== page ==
“People ask themselves, ‘Why do I look this?’ and ‘What can I do to make myself better looking?’” she said during the interview. “[This] can easily lead to something like depression.”
Celebrities also use various media outlets to advertise new products and procedures that idealize their appearances. This method has been working for years, but many people do not realize the dangers of following trends and copying the celebrity lifestyles. Some consequences include eating disorders after extreme dieting, skin irritations from excessive makeup usage, as well as dissatisfaction, depression, and other forms of self-deprecation.
For those who don’t participate in extreme measures such as surgery, makeup becomes an everyday routine. But though individuals often apply makeup in order to hide their blemishes, it can actually worsen the skin.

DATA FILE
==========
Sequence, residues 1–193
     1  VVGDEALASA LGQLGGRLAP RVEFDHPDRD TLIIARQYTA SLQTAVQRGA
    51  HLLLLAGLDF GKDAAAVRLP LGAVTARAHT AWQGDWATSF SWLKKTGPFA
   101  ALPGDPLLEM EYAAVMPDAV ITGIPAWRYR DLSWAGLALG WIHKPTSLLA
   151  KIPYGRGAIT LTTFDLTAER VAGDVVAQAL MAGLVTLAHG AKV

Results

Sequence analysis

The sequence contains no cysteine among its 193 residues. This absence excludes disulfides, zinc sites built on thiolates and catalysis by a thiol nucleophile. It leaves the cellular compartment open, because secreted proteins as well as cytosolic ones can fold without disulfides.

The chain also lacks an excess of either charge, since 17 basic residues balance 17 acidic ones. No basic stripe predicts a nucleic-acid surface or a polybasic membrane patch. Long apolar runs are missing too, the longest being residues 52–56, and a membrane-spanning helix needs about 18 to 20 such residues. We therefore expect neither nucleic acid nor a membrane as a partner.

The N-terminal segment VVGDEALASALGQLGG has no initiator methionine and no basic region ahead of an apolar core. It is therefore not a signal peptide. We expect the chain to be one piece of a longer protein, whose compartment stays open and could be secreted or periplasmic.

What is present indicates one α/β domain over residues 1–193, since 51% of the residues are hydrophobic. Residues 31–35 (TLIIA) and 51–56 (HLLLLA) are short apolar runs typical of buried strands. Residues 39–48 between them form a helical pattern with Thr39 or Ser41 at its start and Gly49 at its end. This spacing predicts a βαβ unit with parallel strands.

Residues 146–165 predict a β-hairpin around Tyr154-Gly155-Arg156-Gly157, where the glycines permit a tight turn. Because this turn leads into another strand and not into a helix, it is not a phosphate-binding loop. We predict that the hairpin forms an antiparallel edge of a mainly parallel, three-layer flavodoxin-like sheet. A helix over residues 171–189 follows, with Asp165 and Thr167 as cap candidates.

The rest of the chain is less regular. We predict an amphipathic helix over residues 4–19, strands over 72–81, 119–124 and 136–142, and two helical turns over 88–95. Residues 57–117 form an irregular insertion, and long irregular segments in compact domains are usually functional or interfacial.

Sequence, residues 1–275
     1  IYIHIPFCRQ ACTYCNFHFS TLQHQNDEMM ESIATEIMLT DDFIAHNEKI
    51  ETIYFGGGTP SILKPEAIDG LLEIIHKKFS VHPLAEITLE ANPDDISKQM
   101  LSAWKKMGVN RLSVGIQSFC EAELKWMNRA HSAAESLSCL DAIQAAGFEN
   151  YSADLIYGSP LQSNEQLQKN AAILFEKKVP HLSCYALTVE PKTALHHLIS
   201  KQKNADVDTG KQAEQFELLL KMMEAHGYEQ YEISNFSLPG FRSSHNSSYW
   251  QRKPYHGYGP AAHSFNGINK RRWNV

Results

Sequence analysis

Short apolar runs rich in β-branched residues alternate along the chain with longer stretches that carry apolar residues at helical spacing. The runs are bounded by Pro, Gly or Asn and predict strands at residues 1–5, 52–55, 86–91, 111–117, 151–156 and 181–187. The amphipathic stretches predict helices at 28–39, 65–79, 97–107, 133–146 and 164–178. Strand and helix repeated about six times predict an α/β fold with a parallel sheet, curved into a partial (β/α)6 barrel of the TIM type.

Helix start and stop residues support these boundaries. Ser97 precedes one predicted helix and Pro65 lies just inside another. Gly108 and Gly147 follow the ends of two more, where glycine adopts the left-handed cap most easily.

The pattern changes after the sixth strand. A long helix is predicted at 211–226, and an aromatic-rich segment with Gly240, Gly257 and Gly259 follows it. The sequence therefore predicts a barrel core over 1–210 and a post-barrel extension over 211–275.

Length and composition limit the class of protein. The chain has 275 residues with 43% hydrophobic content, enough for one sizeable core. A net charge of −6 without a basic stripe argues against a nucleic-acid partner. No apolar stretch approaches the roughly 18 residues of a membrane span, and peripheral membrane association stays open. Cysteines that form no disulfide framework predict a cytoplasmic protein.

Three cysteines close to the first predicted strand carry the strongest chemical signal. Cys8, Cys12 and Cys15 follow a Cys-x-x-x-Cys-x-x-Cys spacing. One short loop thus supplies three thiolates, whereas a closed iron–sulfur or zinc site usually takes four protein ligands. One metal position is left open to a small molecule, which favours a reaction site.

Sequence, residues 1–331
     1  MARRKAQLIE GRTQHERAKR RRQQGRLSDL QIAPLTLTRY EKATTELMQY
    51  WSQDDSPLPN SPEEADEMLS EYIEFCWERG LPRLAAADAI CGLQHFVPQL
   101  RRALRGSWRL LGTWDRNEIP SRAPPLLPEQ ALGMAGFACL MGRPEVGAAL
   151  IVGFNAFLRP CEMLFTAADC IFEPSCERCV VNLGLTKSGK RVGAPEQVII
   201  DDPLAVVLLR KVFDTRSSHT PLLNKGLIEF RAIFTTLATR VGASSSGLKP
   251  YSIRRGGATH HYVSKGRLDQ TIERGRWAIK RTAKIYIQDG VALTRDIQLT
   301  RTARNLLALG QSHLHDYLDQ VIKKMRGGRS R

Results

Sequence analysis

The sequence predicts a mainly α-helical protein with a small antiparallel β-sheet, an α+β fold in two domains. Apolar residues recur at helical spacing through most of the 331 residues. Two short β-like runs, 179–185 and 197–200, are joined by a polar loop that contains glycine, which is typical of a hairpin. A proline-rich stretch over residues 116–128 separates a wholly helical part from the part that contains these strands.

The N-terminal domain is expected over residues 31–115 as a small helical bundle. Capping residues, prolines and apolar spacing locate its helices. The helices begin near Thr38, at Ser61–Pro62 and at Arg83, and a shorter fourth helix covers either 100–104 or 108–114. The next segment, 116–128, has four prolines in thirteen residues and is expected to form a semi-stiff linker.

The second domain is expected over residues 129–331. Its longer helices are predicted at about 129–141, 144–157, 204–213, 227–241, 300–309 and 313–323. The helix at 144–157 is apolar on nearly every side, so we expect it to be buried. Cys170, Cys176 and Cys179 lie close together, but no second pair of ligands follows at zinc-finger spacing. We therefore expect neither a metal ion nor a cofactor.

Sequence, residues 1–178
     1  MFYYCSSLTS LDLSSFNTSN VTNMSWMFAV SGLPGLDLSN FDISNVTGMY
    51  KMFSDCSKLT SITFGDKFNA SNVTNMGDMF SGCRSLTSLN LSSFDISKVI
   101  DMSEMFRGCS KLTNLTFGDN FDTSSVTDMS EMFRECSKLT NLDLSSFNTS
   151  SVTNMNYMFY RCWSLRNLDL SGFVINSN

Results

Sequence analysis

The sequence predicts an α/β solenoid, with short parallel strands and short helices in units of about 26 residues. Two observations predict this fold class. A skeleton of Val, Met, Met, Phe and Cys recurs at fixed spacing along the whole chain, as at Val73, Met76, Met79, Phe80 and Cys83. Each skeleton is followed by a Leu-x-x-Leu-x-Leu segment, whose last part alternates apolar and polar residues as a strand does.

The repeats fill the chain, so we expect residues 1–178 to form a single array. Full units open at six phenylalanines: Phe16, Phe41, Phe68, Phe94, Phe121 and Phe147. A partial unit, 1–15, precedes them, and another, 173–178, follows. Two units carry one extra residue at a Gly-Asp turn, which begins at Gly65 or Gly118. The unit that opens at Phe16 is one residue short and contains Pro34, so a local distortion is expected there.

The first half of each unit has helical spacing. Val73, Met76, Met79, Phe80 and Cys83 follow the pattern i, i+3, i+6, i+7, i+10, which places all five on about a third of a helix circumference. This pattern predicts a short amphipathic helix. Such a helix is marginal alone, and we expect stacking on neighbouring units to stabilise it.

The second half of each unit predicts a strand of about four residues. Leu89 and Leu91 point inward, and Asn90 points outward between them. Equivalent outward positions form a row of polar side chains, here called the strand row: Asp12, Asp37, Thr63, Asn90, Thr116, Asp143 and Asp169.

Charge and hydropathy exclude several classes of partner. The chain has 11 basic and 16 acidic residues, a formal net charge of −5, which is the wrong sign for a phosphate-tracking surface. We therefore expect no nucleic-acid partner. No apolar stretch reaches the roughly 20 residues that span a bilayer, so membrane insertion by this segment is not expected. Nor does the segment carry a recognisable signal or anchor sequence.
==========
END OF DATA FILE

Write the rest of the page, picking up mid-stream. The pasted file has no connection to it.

According to the LiveStrong organization website, a source for information about public health, makeup can cause a person’s skin to become oily, dry and irritated. Some side effects of makeup can be extreme, to the point of someone developing allergies or cancer. For instance, a 2008 study headed by the Journal of Investigative Dermatology revealed that moisturizers and UV radiation act in very much the same way on human skin, thus making individuals who wear moisturizers more vulnerable to skin cancers.
Men as well as women apply makeup as part of their regular routine: in a survey of a thousand American and British men conducted by marketing company J. Walter Thompson, 54 percent approved of using facial products and nine percent conceded to the use of foundation. The race for a better face is even more intense in South Korea, where men spend the most money on makeup in the entire world. In 2011 alone, makeup sales to Korean men added up to almost $500 million.